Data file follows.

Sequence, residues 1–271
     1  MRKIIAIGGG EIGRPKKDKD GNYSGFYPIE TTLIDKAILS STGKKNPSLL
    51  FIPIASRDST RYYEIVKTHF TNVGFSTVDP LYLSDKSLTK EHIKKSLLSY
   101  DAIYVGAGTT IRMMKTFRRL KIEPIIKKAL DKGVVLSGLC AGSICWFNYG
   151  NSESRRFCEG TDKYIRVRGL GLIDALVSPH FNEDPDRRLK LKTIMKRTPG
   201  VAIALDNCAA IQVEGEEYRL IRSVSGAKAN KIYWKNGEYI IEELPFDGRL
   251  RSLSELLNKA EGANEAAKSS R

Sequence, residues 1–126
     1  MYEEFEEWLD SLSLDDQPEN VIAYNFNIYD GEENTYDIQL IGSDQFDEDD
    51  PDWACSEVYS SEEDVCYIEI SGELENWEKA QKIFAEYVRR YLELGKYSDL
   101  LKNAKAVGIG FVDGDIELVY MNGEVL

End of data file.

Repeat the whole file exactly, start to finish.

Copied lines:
Sequence, residues 1–271
     1  MRKIIAIGGG EIGRPKKDKD GNYSGFYPIE TTLIDKAILS STGKKNPSLL
    51  FIPIASRDST RYYEIVKTHF TNVGFSTVDP LYLSDKSLTK EHIKKSLLSY
   101  DAIYVGAGTT IRMMKTFRRL KIEPIIKKAL DKGVVLSGLC AGSICWFNYG
   151  NSESRRFCEG TDKYIRVRGL GLIDALVSPH FNEDPDRRLK LKTIMKRTPG
   201  VAIALDNCAA IQVEGEEYRL IRSVSGAKAN KIYWKNGEYI IEELPFDGRL
   251  RSLSELLNKA EGANEAAKSS R

Sequence, residues 1–126
     1  MYEEFEEWLD SLSLDDQPEN VIAYNFNIYD GEENTYDIQL IGSDQFDEDD
    51  PDWACSEVYS SEEDVCYIEI SGELENWEKA QKIFAEYVRR YLELGKYSDL
   101  LKNAKAVGIG FVDGDIELVY MNGEVL